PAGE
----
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Modelling COVID-19 Vaccination in the UK: Impact of the Autumn 2022 and Spring 2023 Booster Campaigns.

INTRODUCTION: The delivery of COVID-19 vaccines was successful in reducing hospitalizations and mortality. However, emergence of the Omicron variant resulted in increased virus transmissibility. Consequently, booster vaccination programs were initiated to decrease the risk of severe disease and death among vulnerable members of the population. This study aimed to estimate the effects of the booster program and alternative vaccination strategies on morbidity and mortality due to COVID-19 in the UK.

METHOD: A Susceptible-Exposed-Infectious-Recovered (SEIR) model was used to assess the impact of several vaccination strategies on severe outcomes associated with COVID-19, including hospitalizations, mortality, National Health Service (NHS) capacity quantified by hospital general ward and intensive care unit (ICU) bed days, and patient productivity. The model accounted for age-, risk- and immunity-based stratification of the UK population. Outcomes were evaluated over a 48-week time horizon from September 2022 to August 2023 considering the actual UK autumn 2022/spring 2023 booster campaigns and six counterfactual strategies.

RESULTS: The model estimated that the autumn 2022/spring 2023 booster campaign resulted in a reduction of 18,921 hospitalizations and 1463 deaths, compared with a no booster scenario. Utilization of hospital bed days due to COVID-19 decreased after the autumn 2022/spring 2023 booster campaign. Expanding the booster eligibility criteria and improving uptake improved all outcomes, including averting twice as many ICU admissions, preventing more than 20% additional deaths, and a sevenfold reduction in long COVID, compared with the autumn 2022/spring 2023 booster campaign. The number of productive days lost was reduced by fivefold indicating that vaccinating a wider population has a beneficial impact on the morbidities associated with COVID-19.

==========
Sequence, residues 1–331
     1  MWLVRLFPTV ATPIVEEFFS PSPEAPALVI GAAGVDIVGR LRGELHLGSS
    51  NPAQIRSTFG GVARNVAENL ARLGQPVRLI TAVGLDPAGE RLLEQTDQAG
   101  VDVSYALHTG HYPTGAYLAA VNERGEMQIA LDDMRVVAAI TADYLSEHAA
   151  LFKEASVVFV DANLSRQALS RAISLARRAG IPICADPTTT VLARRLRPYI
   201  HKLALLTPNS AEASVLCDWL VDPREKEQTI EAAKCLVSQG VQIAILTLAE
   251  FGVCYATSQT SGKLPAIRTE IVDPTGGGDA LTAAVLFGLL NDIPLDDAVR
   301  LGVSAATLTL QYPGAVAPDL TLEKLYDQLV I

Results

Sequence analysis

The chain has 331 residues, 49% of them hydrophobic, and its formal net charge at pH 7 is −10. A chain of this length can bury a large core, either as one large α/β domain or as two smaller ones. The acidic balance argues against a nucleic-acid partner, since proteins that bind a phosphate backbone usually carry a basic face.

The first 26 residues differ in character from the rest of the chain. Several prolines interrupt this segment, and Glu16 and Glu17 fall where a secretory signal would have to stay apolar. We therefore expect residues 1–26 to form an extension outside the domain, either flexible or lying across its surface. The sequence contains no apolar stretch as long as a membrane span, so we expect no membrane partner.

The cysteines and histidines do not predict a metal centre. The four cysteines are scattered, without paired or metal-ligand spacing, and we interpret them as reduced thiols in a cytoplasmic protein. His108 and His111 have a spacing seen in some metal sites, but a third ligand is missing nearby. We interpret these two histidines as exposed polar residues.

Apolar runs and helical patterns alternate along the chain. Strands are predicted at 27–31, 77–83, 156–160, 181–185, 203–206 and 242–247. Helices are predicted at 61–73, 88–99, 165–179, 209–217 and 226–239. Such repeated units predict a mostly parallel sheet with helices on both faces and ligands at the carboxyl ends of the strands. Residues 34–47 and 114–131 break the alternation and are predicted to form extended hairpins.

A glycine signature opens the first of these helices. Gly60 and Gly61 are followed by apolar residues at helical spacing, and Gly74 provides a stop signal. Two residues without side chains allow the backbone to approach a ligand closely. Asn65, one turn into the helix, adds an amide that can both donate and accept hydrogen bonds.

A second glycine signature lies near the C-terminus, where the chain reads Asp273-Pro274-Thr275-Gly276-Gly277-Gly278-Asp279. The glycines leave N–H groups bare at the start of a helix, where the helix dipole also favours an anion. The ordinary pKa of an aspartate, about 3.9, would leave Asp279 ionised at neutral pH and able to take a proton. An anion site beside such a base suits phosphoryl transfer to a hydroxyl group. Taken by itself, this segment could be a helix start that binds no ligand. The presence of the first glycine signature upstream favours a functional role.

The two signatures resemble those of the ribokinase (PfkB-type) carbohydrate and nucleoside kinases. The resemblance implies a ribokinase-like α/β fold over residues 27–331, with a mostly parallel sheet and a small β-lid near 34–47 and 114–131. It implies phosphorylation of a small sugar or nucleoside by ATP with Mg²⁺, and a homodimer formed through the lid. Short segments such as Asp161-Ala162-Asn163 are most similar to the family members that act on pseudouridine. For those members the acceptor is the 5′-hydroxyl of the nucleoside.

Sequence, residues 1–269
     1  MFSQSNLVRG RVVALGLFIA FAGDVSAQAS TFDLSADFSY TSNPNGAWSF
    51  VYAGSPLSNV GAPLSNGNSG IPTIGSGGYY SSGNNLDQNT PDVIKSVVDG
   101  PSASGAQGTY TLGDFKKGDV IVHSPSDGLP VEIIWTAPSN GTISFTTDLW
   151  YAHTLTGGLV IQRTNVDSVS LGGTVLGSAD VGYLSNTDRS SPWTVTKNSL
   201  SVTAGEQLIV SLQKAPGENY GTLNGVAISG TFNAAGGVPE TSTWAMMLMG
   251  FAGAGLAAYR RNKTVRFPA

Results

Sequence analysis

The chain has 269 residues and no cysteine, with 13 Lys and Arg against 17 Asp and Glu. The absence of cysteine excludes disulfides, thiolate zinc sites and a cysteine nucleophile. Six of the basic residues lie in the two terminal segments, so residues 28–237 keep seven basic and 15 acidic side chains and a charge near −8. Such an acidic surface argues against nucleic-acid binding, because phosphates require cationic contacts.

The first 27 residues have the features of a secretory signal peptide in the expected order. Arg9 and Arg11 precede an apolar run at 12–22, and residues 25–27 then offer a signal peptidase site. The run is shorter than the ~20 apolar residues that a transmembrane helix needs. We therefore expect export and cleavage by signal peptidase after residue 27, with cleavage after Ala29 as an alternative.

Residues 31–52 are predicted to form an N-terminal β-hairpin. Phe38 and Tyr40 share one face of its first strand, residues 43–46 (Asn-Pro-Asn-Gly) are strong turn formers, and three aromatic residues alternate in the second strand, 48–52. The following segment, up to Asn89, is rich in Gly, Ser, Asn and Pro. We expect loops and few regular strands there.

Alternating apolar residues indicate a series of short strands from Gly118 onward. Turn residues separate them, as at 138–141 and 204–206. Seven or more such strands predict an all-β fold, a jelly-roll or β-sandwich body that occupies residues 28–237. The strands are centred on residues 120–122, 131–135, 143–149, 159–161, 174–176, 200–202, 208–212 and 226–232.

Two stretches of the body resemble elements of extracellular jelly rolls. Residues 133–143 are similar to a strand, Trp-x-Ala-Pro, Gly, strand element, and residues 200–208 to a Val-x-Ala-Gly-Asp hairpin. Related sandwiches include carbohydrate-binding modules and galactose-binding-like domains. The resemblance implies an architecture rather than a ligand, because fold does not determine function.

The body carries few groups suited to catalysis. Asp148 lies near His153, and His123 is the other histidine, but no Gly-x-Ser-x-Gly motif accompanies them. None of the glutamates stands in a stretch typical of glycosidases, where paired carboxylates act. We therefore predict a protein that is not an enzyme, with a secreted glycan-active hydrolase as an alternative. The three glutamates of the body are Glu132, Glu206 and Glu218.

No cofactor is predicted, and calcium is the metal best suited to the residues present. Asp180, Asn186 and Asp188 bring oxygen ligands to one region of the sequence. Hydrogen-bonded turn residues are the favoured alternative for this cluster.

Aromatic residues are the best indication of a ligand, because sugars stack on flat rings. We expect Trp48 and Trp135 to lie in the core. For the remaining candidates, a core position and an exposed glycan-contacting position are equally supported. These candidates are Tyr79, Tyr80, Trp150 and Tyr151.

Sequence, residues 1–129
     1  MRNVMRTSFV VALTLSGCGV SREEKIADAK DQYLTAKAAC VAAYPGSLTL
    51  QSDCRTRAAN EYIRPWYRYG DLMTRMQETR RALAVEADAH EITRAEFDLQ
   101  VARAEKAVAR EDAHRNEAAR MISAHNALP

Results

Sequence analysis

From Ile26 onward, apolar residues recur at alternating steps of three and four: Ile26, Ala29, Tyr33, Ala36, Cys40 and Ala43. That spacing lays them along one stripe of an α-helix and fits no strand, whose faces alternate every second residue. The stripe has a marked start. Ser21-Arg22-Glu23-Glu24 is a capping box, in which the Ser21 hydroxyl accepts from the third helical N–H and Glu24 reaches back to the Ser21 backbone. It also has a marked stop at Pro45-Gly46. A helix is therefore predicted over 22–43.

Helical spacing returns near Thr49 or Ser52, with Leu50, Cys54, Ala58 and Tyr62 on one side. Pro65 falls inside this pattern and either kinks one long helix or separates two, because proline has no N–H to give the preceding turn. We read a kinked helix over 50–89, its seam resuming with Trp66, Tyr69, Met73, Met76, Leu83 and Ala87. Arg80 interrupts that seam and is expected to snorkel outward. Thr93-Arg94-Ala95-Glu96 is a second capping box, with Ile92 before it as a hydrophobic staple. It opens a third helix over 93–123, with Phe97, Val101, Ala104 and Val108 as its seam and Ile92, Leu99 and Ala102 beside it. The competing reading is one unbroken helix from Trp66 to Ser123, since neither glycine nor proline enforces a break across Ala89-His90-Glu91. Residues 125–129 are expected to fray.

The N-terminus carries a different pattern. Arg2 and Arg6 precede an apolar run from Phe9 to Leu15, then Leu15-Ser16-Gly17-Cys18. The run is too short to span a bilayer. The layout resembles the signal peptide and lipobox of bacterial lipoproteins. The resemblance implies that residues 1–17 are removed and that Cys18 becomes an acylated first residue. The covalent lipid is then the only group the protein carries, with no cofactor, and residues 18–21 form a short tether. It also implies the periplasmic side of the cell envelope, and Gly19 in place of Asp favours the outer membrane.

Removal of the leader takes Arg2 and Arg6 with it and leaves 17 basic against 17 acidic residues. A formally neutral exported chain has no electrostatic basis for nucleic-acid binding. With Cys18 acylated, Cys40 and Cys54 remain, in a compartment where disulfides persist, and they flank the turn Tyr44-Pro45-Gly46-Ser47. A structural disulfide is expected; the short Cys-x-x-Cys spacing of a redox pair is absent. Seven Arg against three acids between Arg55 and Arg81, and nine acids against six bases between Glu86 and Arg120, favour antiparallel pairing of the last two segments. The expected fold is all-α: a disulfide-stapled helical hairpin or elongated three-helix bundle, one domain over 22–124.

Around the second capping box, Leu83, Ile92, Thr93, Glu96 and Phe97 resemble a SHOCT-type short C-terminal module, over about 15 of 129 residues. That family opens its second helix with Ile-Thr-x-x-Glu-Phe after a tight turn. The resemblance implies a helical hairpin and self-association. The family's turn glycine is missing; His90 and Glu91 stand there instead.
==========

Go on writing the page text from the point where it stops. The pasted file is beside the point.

CONCLUSION: Our modelling demonstrates that the autumn 2022/spring 2023 booster campaign reduced COVID-19-associated morbidity and mortality. Booster campaigns with alternative eligibility criteria warrant consideration in the UK, given their potential to further reduce morbidity and mortality as future variants emerge.

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